On Beaver Island, fall color comes first to the King’s Highway. Or, that’s where I notice it first. The long, mostly-paved road runs, after a few curves leading out of the downtown harbor area, straight down the middle of the island. A border of trees on the way out of town opens up to a few homes and businesses, and a couple old farmsteads. Then, for a good stretch, it becomes like a hallway, showcasing a mix of trees and foliage on both sides.

First, it’s only a slight dulling of the colors, less contrast between the many shades of green. It seems almost like a trick of the light. Comparison with the evergreen pine and cedar trees, that hold onto their bright tones, make the change undeniable. Then, the needles of the Tamarack turn yellow, and ferns surrender to variations of brown. Blackberry brambles are suddenly a wash of burgundy. Milkweed relaxes into shades of beige as the leaves dry up and the pods burst open.

Next, a maple tree will suddenly burst into color. The orange leaves still retain their green undersides, telling that their fall show is just barely getting started. Here and there among the other trees, a shot of yellow, a whisper of pink, a dash of gold. A little farther down, one single tree – I don’t know the kind – is clothed completely in red. When did that happen? Was the change overnight?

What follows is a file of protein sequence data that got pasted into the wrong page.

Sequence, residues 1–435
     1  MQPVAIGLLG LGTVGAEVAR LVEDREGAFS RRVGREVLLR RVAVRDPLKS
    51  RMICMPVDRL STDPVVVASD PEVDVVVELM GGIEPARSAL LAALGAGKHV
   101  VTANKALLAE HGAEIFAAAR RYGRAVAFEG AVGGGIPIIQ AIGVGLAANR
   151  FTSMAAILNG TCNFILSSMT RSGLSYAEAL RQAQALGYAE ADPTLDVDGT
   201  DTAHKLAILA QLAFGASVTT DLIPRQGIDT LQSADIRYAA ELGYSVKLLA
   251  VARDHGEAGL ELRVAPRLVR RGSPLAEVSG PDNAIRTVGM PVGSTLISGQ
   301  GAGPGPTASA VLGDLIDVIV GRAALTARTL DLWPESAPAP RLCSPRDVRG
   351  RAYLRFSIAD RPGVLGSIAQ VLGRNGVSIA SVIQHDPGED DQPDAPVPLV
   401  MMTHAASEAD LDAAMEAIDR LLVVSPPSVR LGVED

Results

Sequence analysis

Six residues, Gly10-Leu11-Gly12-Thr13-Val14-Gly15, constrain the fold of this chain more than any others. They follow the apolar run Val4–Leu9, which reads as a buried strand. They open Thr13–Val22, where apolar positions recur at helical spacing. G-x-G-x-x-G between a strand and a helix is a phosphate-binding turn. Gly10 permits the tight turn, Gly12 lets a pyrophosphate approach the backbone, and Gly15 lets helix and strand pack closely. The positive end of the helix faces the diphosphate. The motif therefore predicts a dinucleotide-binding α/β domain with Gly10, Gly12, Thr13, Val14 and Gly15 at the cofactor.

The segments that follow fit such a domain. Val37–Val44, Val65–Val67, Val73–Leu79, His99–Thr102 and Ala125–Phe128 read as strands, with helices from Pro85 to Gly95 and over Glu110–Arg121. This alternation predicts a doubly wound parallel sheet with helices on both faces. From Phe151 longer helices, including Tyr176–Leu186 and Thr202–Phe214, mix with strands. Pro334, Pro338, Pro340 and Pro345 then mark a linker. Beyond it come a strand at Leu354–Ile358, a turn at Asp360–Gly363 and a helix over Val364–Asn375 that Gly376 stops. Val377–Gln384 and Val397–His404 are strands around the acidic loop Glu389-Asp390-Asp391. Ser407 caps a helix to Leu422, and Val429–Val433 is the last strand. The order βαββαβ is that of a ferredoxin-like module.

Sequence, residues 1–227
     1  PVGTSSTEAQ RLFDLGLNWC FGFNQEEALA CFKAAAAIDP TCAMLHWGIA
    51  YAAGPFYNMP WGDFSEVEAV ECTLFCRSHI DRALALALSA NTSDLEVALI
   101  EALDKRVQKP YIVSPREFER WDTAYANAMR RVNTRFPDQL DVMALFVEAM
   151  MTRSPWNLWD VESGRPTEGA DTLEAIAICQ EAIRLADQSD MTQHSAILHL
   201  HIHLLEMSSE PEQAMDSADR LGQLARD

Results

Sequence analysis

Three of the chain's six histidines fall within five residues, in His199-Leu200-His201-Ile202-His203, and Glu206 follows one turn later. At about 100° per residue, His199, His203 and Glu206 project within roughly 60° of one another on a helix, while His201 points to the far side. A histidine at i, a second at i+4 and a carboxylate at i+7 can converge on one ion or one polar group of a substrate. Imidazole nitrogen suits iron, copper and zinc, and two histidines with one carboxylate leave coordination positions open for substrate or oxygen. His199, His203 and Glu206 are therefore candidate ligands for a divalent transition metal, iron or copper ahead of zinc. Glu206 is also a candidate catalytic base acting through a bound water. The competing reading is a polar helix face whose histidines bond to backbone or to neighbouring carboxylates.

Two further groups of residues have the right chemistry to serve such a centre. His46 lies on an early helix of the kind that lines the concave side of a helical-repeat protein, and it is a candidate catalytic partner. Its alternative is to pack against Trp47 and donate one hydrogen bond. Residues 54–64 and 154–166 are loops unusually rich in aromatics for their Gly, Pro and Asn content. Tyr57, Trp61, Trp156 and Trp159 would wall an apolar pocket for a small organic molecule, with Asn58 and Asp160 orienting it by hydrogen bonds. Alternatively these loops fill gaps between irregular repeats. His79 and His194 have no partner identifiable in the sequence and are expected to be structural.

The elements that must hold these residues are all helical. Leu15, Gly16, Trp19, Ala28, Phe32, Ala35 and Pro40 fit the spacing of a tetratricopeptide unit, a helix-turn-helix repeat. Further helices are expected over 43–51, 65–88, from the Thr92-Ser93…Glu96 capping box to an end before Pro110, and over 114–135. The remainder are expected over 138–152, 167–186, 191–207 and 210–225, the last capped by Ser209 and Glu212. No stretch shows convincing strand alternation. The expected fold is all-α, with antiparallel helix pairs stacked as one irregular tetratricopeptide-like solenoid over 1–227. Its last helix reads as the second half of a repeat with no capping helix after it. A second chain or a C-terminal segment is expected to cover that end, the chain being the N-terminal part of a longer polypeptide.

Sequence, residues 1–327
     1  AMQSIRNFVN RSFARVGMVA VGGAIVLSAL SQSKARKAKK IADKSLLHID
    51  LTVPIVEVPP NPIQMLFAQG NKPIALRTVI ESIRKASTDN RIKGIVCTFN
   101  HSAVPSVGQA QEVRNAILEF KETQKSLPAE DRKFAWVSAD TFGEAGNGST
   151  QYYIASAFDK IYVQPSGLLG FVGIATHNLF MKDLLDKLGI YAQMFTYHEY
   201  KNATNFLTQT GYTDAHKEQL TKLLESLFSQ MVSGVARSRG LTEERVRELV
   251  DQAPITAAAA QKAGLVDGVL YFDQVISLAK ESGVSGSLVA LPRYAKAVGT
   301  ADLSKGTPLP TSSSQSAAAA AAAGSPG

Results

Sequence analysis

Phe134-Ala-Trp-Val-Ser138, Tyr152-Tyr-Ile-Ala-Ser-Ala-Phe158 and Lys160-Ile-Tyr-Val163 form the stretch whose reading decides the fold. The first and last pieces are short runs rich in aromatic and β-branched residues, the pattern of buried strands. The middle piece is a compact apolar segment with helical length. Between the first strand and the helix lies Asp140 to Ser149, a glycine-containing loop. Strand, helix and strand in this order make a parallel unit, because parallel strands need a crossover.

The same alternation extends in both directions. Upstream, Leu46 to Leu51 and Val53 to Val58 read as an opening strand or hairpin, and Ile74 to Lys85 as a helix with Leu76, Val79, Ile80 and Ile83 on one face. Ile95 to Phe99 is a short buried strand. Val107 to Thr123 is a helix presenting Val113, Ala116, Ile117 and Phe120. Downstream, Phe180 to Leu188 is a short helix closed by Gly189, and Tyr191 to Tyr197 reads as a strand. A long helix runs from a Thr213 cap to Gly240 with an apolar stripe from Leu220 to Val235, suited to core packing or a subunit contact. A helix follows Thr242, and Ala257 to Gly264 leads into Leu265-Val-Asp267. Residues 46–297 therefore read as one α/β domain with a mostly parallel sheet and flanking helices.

This year, a third of the way through October, we are just at the beginning. It’s impossible to know how long the colors will last, or how intense they will be. Much depends on the weather we’ve had up to this point in the year. The amount of moisture in the ground has a lot to do with how late or soon the colors change, how intense they are, and how long they last. Of course, winds and rain in this season can alter any predictions, too.

Soon, the pavement of the King’s Highway will become a canvas, each day covered with an ever-changing pattern of multi-colored leaves. The narrower dirt roads will wear carpets of falling leaves, as all of the trees through the whole island relax into fall. Sunshine streaming through bowers of gold make every walk or drive a breath-taking wonder. As always, I’m looking forward to it!


About cindyricksgers

I am an artist. I live on an island in northern Lake Michigan, USA. I have two grown daughters, four strong, smart and handsome grandsons and one beautiful, intelligent and charming granddaughter. I live with two spoiled dogs. I love walking in the woods around my home, reading, writing and playing in my studio.

2 responses »

  1. Since I will be down your way–in Vanderbilt–tomorrow, I hope to enjoy some of your colors. We are still pretty up here, but at least a week or more past peak.

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